Freedom's Anthem

God save the helpless slave,
Whether on land or wave.
God save the slave.
Emancipate him soon,
And turn his night to noon;
O grant him freedom’s boon.
God save the slave.
Free all the sable race,
And send Columbia peace.
God save the slave.
Then new stars arise
Far brighter in the skies
Than serfdom’s galaxies.
God save the slave.
See, Lord, the orphan’s tear
Dropt on its mother’s bier,
Dead ‘neath the lash.
Comfort the weeping bride,
Sold from her husband’s side,
Whilst on life’s highest tide.
God save the slave.
Scatter all freedom’s foes,
End Afric’s countless woes.
God save the slave.
Put forth thy matchless power,
O all thy Spirit shower,
Haste the millennial hour.
God save the slave.
70, Knowsley-street, Preston, March 21, 1862.

Title:Freedom's Anthem

Author:Joseph Barnes

Publication:Preston Guardian

Published in:Preston

Date:March 21st 1862

Keywords:slavery, war


Barnes’ poem ‘Freedom’s Anthem’ proclaims support for the emancipation of slavery, and calls upon God to “put forth thy matchless power” to support the northern States fighting in the American Civil War. The steadily alternating couplets and triplets, as well as strict use of iambic trimeter (or iambic dimeter during the refrain of “God save the slave”) serve to reinforce the musicality of the poem, allowing for easy singing of its celebration of liberation. Barnes explores the notions of a brighter future for the slaves in his images of “new stars” arising, and seeing “noon” rather than “night”, connoting new and more hopeful beginnings. Every line begins with an imperative, making it clear that the speaker is addressing God. Before directly demanding God to use his power to free the slaves, the speaker laments the suffering of women and children and the “countless woes” of Africa as a whole: “the weeping bride” and the “orphan’s tear” will be no more if God acts now, and “Haste[s] the millennial hour”, hence bringing peace to the slaves and, of course, back to Lancashire.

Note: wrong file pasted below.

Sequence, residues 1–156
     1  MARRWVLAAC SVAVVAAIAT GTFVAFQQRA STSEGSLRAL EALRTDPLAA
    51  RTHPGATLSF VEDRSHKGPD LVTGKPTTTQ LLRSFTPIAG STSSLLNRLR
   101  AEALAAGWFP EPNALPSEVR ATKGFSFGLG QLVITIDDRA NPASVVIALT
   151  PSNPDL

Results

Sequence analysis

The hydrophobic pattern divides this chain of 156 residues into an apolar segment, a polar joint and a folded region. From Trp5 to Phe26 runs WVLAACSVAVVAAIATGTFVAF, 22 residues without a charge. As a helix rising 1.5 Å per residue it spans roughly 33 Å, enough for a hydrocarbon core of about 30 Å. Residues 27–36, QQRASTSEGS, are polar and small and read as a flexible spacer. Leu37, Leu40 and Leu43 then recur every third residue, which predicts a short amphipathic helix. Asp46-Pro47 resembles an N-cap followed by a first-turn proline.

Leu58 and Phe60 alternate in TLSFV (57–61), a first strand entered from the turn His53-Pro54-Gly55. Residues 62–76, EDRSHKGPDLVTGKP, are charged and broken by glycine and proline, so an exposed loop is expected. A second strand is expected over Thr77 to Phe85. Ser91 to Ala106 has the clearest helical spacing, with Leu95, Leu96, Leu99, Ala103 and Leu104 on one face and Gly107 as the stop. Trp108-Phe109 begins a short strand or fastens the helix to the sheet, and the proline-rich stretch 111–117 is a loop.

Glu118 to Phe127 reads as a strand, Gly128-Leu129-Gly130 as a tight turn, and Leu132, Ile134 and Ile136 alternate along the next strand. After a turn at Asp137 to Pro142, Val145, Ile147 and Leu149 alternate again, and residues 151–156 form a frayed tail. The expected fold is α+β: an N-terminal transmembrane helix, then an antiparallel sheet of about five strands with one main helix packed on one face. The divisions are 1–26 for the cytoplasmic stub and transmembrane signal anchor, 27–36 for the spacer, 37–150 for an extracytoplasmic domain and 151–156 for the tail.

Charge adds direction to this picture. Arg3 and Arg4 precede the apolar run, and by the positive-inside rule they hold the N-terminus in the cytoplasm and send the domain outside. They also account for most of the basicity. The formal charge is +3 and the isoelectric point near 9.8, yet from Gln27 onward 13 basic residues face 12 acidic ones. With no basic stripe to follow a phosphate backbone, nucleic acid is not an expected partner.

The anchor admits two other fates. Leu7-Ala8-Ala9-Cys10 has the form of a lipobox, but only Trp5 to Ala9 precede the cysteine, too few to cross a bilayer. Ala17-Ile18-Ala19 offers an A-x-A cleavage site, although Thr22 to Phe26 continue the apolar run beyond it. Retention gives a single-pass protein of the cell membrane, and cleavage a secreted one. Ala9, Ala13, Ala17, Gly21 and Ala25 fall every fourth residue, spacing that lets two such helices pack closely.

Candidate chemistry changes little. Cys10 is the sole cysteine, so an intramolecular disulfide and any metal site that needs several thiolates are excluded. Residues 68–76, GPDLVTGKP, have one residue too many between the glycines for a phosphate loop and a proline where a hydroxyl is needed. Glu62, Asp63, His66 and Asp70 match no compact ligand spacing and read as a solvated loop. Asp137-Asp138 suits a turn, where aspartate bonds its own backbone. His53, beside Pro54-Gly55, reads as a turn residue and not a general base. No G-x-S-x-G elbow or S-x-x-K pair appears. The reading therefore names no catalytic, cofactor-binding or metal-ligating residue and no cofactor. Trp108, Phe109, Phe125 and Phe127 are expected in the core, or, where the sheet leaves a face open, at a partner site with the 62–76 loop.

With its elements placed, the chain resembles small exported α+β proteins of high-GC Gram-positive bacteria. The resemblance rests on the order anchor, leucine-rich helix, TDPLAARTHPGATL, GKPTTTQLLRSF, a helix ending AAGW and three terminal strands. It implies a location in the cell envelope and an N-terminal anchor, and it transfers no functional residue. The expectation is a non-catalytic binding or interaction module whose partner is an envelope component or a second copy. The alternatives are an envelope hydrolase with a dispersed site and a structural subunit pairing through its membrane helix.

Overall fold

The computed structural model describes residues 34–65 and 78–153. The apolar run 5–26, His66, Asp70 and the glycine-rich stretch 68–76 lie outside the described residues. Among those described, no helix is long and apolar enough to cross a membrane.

Katie Pitman, University of Exeter